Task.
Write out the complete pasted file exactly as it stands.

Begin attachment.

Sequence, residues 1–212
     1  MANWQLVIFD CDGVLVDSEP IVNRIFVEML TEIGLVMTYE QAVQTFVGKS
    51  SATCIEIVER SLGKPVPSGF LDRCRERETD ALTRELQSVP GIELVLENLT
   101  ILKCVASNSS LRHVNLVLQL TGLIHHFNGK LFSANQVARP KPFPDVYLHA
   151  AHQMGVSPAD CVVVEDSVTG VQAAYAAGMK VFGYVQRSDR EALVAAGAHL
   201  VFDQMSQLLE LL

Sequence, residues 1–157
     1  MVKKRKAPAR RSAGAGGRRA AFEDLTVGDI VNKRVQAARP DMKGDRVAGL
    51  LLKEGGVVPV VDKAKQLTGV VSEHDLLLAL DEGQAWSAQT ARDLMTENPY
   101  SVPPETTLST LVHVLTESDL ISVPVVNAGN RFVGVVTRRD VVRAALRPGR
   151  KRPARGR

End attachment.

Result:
Sequence, residues 1–212
     1  MANWQLVIFD CDGVLVDSEP IVNRIFVEML TEIGLVMTYE QAVQTFVGKS
    51  SATCIEIVER SLGKPVPSGF LDRCRERETD ALTRELQSVP GIELVLENLT
   101  ILKCVASNSS LRHVNLVLQL TGLIHHFNGK LFSANQVARP KPFPDVYLHA
   151  AHQMGVSPAD CVVVEDSVTG VQAAYAAGMK VFGYVQRSDR EALVAAGAHL
   201  VFDQMSQLLE LL

Sequence, residues 1–157
     1  MVKKRKAPAR RSAGAGGRRA AFEDLTVGDI VNKRVQAARP DMKGDRVAGL
    51  LLKEGGVVPV VDKAKQLTGV VSEHDLLLAL DEGQAWSAQT ARDLMTENPY
   101  SVPPETTLST LVHVLTESDL ISVPVVNAGN RFVGVVTRRD VVRAALRPGR
   151  KRPARGR